It's a good question: why is it evident for one person but not another? But doesn't Arendt's subsequent answer only defer the question? She says "there's another proposition of Socrates's, which in my view does provide us with a reason": [End Page 174]

It's this: "It is better to be in disunity with the whole world than with oneself, since I am a unity." For if I am not at unity with myself, a conflict arises that is unbearable. In other words, it's the idea of contradiction in the moral realm, and it's still authoritative for the categorical imperative in Kant. This idea presupposes that, in actual fact, I live with myself, and am so to speak two-in-one, so that I then say, "I will not do this or that." For I do not want to live with somebody who has done this. . . . Now living with yourself means, of course, talking to yourself. And this talking to yourself is basically thinking—a kind of thinking which isn't technical, but a kind of which anyone is capable.

(TLI, p. 59)

Doesn't this just replace the question of why some people possess a conscience and others don't with the question of why some people experience disunity with themselves and others don't?

We know that Mrs. Turpin experiences "disunity" well before the girl's physical and verbal assault. In fact, like virtually everyone else at the time O'Connor writes the story, and like O'Connor herself, Mrs. Turpin is haunted by Eichmann's boxcars. When we learn early in the story that Mrs. Turpin "occupie[s] herself at night naming the classes of people," we also learn that she gets confused as she moves toward the top of her race-and-class hierarchy and is forced to consider such contradictions as the fact that "some of the people with a lot of money were common and ought to be below she and Claud and some of the people who had good blood had lost their money and had to rent and then there were some colored people who owned their homes and land as well" ("R," p. 491). Where to place, for example, such an embodied contradiction as the "colored dentist in town who had two red Lincolns and a swimming pool and a farm with registered whiteface cattle on it"? (pp. 491–92). The anomalies and paradoxes overwhelm her, and "by the time she had fallen asleep all the classes of people were moiling and roiling around in her head, and she would dream they were all crammed in together in a box car, being ridden off to be put in a gas oven" (p. 492). The people trapped in boxcars were there from the start of the story, we may or may not recall when we get to the story's end and hear their souls shouting in unison. Mrs. Turpin's own unconscious had threatened her all along with the realization that the differences among people are nothing next to our common mortality. The hurled book, which is aptly enough entitled Human Development, is the occasion for her to make conscious something already housed in her unconscious but as yet unintegrated into what we might call her conscience. [End Page 175]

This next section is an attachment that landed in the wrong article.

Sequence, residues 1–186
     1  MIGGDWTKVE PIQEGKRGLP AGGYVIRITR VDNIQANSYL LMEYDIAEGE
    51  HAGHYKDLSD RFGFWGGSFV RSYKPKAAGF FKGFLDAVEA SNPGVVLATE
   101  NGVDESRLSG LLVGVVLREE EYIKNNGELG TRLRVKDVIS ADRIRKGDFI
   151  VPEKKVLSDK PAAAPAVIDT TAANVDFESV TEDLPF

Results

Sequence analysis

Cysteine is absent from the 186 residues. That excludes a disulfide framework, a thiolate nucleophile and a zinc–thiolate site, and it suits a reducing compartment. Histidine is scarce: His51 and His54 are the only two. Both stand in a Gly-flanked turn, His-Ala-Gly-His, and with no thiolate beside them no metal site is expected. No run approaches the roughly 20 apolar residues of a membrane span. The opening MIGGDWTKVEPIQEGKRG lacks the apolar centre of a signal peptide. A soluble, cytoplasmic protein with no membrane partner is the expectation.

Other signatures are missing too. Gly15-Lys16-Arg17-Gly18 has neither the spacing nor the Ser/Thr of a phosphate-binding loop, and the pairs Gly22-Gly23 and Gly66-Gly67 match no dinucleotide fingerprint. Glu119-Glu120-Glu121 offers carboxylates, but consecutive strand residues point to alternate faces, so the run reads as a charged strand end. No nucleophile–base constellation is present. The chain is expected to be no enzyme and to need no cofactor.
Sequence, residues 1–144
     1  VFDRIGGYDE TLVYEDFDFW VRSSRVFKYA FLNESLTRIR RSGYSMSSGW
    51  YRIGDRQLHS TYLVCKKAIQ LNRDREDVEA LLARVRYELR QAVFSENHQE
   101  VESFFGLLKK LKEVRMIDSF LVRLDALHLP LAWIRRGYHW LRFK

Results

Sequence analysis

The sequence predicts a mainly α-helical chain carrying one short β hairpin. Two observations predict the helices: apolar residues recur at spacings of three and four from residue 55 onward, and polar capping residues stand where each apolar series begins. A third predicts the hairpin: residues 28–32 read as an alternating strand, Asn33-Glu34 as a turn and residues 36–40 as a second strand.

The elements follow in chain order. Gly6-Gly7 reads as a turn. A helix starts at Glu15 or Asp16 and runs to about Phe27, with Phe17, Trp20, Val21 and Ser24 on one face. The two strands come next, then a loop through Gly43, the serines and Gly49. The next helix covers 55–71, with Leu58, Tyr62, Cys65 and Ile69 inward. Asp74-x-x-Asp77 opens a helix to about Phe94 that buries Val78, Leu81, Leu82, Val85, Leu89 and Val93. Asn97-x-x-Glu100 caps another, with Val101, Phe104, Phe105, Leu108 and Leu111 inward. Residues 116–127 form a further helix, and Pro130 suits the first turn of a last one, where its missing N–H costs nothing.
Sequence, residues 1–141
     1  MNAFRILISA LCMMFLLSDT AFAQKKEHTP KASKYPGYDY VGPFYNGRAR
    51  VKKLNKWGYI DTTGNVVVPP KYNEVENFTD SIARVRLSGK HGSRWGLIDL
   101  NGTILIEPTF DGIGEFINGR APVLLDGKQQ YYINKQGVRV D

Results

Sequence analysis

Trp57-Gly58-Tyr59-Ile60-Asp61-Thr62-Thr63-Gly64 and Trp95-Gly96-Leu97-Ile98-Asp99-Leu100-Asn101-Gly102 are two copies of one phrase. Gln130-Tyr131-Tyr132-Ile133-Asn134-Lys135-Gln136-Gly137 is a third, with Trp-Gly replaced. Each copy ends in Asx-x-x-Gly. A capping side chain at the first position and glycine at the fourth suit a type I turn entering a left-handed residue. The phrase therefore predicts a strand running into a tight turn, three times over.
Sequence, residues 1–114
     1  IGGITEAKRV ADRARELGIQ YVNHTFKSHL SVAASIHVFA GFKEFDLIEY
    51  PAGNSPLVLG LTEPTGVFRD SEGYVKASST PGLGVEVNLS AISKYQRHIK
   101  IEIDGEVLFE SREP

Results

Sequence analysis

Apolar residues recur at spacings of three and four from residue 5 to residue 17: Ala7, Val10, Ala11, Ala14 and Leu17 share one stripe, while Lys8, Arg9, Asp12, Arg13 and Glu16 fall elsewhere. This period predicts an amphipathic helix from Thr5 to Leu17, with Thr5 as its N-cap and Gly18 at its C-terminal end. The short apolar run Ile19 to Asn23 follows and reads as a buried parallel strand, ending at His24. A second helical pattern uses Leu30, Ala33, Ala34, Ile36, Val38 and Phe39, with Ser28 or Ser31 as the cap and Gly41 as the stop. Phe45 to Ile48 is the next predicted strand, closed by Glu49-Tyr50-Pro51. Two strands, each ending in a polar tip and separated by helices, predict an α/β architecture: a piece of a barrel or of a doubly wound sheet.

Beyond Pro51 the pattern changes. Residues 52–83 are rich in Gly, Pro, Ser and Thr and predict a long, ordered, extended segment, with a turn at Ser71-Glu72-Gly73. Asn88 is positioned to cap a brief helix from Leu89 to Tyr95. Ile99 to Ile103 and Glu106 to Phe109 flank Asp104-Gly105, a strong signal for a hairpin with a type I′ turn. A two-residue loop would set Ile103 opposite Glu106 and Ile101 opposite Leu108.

Are dreams the antidote to clichés? "Clichés, stock phrases, adherence to conventional, standardized codes of expression and conduct have the socially recognizable function of protecting us against reality, that is, against the claim on our thinking attention which all events and facts arouse by virtue of their existence," Arendt writes (LOM 1, p. 4).13 Instead of protecting us from it, do dreams place reality in displaced form before us so as to trick us into seeing it? Do they nag at us to begin the conversations with ourselves we should be having? The boxcars are the claim Mrs. Turpin's dream makes upon her and the thinking through of religious clichés that she's fond of using (without necessarily believing) is how she answers that claim. "Eichmann differed from the rest of us only in that he clearly knew of no such claim at all," to quote Arendt for my purposes here (p. 4).